Reinstein et al.15 used the difference map of the tangential curvature for each eye with the preoperative and 3-month postoperative Atlas topography (Carl Zeiss Meditec). In that study, the authors used a method similar to the one described in our study to measure the distance between the corneal vertex and center of the optical zone. One difference was that they used the Atlas device instead of the Keratron Scout device used in our study. The Atlas device has large mires and the Keratron Scout device has small mires. This makes the Keratron Scout device more sensitive to changes in curvature because small mires have greater spatial resolution to detect changes in curvature. Taken together, we believe that the tangential topography difference map of the Keratron Scout device is the more appropriate method to determine the magnitude of decentration over elevation, pachymetry, or large mire Placido topography.

In the current study, corneal vertex centration in myopic SMILE using the triple marking centration method yielded improved centering results, accompanied by smaller induction of RMS total HOAs, coma, and spherical aberrations. These favorable results can be attributed to the nature of the triple marking centration method. Induction of fewer corneal HOAs in the triple centration group can be attributed to cyclotorsion adjustments and better centration via the triple marking centration method when considering that cyclotorsion during laser refractive surgery could lead to a decrease in the refractive outcomes due to induction of astigmatism and HOAs.18

The current study had several limitations, including its retrospective design. A prospective, randomized, masked, paired-eye study with an appropriate sample size would allow a more thorough comparison with regard to decentered displacement and induction of HOAs between the centration methods.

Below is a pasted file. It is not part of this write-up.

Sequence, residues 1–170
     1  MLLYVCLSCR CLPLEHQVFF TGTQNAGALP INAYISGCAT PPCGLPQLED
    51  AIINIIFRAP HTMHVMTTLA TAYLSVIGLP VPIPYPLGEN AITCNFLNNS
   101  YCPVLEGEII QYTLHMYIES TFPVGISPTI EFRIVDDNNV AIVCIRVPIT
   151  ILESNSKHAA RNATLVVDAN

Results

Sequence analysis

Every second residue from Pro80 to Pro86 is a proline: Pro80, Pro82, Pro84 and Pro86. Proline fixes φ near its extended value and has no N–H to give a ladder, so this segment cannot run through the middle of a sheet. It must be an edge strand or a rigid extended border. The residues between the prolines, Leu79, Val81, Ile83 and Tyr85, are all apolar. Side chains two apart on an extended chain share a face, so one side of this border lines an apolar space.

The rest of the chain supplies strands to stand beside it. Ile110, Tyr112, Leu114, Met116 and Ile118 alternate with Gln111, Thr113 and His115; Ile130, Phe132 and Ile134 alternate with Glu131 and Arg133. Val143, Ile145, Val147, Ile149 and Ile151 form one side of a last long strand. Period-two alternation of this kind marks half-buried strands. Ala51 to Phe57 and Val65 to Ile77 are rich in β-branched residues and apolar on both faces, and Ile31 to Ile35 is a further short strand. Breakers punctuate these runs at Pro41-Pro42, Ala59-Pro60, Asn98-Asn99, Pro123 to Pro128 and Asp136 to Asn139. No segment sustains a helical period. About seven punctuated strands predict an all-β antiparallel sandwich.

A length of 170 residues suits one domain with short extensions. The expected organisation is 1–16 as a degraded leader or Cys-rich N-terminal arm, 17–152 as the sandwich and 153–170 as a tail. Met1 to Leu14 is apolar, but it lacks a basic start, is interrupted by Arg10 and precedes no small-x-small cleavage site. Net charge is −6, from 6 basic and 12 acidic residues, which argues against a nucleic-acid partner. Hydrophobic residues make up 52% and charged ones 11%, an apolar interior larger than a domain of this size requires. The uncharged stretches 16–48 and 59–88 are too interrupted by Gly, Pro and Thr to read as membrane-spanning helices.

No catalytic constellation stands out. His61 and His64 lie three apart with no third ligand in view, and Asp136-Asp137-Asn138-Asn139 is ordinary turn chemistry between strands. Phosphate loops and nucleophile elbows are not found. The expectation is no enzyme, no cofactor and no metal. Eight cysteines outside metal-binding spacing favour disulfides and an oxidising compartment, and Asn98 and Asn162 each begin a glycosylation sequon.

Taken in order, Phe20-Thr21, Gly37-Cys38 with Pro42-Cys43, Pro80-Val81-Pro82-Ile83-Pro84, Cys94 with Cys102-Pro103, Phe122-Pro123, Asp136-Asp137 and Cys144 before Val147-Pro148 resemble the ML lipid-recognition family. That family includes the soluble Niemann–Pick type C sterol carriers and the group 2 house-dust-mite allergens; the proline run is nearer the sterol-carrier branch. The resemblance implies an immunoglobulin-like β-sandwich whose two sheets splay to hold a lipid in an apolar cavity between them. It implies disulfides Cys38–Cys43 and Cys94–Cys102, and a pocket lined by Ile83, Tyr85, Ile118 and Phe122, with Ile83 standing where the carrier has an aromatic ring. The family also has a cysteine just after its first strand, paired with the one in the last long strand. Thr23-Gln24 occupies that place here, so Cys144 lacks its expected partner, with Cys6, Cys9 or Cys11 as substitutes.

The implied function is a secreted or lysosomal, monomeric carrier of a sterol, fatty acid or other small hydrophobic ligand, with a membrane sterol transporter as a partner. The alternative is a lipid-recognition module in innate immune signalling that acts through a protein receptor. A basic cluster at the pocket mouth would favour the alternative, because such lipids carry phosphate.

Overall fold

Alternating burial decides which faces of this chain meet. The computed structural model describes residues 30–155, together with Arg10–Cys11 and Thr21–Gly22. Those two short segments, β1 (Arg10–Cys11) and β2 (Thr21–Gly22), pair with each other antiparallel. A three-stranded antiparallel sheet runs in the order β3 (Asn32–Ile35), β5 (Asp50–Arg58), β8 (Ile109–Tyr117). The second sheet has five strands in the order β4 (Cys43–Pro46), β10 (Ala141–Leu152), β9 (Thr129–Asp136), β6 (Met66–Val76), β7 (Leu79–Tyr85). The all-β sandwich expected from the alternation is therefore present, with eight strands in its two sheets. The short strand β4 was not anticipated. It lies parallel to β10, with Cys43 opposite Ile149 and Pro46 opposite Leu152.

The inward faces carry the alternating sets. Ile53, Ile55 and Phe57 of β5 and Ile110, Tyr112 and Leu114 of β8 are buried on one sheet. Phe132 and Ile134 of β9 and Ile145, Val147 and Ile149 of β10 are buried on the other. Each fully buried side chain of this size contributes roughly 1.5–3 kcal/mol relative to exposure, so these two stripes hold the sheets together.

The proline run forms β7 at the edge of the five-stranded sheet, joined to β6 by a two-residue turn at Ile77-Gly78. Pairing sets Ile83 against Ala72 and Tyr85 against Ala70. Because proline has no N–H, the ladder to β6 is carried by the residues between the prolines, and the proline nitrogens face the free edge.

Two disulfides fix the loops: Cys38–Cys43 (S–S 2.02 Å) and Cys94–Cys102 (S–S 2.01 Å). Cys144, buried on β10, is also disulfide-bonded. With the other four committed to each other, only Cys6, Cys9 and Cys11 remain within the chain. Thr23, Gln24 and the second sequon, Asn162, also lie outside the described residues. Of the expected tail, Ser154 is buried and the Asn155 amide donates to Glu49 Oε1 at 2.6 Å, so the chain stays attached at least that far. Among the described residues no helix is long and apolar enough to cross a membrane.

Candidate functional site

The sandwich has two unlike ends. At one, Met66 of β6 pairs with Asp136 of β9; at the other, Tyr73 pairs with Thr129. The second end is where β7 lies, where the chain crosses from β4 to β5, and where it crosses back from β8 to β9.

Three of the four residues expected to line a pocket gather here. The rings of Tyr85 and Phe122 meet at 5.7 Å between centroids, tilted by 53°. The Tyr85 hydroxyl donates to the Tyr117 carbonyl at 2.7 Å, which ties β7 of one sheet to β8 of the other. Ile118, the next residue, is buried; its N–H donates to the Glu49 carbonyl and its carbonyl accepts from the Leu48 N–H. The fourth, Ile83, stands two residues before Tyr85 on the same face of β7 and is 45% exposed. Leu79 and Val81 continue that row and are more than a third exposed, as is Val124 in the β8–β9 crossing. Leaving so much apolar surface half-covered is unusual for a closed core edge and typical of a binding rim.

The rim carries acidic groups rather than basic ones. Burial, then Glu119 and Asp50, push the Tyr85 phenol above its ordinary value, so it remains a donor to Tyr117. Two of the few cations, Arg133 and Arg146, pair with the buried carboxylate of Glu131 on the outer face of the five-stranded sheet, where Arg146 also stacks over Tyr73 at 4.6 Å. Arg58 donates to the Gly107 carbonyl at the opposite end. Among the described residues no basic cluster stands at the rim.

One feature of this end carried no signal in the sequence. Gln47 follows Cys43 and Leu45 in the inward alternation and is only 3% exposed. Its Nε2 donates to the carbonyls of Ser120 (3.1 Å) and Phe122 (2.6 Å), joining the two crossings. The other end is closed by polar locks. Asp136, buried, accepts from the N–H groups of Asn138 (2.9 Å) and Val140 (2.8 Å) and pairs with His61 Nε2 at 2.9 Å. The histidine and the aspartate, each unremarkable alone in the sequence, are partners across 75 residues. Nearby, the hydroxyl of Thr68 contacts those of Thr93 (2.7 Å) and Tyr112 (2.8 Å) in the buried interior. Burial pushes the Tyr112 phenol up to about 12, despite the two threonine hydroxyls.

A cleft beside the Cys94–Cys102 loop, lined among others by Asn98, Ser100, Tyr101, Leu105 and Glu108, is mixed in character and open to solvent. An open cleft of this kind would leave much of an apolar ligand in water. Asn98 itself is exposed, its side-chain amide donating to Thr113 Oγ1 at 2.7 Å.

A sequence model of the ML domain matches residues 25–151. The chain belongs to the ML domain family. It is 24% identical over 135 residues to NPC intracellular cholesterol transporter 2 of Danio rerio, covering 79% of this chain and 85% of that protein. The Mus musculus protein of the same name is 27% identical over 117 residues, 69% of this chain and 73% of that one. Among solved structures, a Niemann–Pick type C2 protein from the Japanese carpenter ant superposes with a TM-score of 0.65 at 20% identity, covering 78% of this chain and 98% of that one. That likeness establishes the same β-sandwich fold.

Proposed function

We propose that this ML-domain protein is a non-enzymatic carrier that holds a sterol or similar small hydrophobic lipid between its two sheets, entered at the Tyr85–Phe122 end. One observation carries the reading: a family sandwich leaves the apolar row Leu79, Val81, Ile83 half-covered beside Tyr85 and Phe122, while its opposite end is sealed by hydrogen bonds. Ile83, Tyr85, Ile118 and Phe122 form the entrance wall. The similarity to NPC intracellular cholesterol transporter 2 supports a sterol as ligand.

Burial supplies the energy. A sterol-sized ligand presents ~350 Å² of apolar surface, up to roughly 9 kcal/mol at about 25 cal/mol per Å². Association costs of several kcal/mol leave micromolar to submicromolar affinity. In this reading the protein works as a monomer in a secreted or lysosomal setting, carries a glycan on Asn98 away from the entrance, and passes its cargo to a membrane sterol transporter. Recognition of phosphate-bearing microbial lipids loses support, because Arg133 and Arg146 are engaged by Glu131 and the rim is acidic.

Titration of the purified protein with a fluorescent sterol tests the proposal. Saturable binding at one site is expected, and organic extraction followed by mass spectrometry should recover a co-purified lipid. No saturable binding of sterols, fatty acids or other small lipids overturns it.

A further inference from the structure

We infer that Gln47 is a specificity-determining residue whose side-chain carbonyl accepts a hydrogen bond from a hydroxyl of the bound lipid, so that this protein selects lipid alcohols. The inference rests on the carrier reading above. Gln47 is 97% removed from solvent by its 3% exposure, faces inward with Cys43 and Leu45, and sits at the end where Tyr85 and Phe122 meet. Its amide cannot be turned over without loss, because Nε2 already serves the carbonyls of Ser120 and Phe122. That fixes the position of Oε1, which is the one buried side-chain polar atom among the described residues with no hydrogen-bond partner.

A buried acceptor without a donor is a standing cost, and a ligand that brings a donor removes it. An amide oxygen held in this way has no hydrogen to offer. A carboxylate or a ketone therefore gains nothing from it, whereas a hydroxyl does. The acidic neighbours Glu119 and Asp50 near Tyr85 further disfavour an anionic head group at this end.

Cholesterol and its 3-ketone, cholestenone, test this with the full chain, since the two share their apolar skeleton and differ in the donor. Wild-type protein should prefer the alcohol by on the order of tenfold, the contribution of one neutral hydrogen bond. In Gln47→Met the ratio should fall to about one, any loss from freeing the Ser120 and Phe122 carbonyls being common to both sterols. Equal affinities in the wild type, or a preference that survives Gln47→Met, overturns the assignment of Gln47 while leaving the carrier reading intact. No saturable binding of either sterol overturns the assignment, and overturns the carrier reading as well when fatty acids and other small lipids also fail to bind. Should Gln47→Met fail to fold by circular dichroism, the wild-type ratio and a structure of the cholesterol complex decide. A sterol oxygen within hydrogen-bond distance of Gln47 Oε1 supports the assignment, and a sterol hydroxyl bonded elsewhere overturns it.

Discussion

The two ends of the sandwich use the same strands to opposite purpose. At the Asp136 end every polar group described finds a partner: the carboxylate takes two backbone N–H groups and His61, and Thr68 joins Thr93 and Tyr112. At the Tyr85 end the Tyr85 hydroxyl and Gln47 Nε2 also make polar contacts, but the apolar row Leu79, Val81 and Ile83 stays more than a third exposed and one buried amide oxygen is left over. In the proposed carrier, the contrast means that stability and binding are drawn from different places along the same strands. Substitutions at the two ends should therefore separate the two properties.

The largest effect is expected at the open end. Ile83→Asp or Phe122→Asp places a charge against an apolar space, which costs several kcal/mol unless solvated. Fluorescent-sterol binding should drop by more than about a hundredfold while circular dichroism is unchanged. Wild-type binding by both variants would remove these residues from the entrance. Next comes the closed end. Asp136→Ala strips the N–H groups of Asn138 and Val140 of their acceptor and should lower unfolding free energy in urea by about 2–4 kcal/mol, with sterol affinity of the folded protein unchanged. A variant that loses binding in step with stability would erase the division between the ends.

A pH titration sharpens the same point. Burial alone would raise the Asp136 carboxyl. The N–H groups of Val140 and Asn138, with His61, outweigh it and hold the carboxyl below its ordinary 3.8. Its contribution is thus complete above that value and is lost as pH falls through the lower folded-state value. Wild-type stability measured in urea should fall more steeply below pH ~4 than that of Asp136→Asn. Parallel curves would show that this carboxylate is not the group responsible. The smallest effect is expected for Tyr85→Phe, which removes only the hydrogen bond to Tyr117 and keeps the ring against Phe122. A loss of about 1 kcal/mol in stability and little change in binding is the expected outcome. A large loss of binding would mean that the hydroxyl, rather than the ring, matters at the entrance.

We demonstrated that SMILE with the triple marking centration method can achieve more accurate centration compared with the subjective patient fixation method, resulting in less induction of RMS total HOAs, coma, and spherical aberrations. Further improvements in the centration method during the SMILE procedure will improve centration accuracy, consequently resulting in minimal induction of corneal HOAs and improvement of visual quality.

References

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Comparison of Preoperative Offset and Decentered Displacement Relative to the Corneal Vertex Between Eyes Undergoing SMILE by Subjective Patient Fixation Method or Triple Marking Centration Methoda

CharacteristicSubjective Patient Fixation MethodTriple Marking Centration MethodP
Preoperative pupillary offset (mm)
  Pupillary offset0.20 ± 0.12 (0.01 to 0.46)0.20 ± 0.09 (0.06 to 0.47).689
    x axis−0.08 ± 0.16 (−0.43 to 0.32)−0.04 ± 0.13 (−0.29 to 0.35).099
    y axis0.10 ± 0.11 (−0.12 to 0.35)0.12 ± 0.12 (−0.15 to 0.41).412
Decentered displacement (mm)
  Horizontal decentered displacement−0.05 ± 0.17 (−0.55 to 0.27)0.01 ± 0.15 (−0.39 to 0.34).048
  Vertical decentered displacement0.28 ± 0.23 (−0.40 to 0.95)0.16 ± 0.18 (−0.44 to 0.53).002
  Total decentered displacement0.36 ± 0.19 (0.02 to 0.95)0.25 ± 0.14 (0.02 to 0.59).001

Baseline Characteristics of Eyes Undergoing SMILE by Subjective Patient Fixation Method or Triple Marking Centration Methoda

CharacteristicSubjective Patient Fixation MethodTriple Marking Centration MethodP
No. of patients5555
Age (y)28.6 ± 6.4 (20 to 46)27.5 ± 6.2 (20 to 46).358
Gender (% women)47.3%48.1%.927
Refractive errors (D)
  Spherical−4.41 ± 1.74 (−8.75 to −1.50)−3.79 ± 1.52 (−7.00 to −1.12).051
  Cylindrical−0.90 ± 0.66 (−2.75 to 0.00)−1.09 ± 0.97 (−3.37 to 0.00).231
  MRSE−4.86 ± 1.80 (−9.19 to −1.56)−4.34 ± 1.62 (−8.06 to −1.31).114
CCT (μm)553.3 ± 26.1 (515.0 to 614.0)552.6 ± 31.5 (496.0 to 675.0).895
Optical zone (mm)6.7 ± 0.2 (6.2 to 7.2)6.7 ± 0.2 (6.3 to 7.2).737
Ablation depth (μm)−93.7 ± 24.8 (−148.0 to −40.0)−88.2 ± 22.6 (−132.0 to −37.0).228

Changes in Visual Acuity and Refractive Errors Before and After SMILE by Subjective Patient Fixation Method or Triple Marking Centration Methoda